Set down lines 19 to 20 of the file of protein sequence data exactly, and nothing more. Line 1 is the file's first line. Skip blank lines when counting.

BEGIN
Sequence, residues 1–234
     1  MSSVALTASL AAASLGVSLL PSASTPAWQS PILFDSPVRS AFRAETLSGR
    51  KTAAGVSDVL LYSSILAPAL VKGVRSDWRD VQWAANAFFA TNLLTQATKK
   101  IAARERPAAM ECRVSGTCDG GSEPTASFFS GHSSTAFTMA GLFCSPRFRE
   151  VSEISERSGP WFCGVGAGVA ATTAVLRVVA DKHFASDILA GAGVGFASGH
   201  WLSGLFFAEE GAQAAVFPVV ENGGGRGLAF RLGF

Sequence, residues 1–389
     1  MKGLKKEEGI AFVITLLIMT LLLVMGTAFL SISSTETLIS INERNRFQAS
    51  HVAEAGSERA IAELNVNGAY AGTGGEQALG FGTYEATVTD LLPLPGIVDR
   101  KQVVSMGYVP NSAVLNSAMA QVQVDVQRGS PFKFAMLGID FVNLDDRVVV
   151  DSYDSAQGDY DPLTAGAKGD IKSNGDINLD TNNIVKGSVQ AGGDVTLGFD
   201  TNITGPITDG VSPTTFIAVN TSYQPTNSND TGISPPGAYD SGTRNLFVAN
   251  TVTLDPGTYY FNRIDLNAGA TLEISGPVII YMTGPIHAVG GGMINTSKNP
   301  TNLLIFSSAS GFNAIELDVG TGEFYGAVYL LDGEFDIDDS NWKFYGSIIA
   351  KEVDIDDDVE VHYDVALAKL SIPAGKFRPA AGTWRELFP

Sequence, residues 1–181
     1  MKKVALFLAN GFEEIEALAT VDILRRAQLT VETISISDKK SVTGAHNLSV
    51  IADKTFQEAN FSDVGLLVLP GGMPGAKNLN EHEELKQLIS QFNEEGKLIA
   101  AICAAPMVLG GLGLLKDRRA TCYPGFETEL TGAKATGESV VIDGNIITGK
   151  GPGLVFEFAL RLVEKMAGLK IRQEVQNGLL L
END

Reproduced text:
   101  AICAAPMVLG GLGLLKDRRA TCYPGFETEL TGAKATGESV VIDGNIITGK
   151  GPGLVFEFAL RLVEKMAGLK IRQEVQNGLL L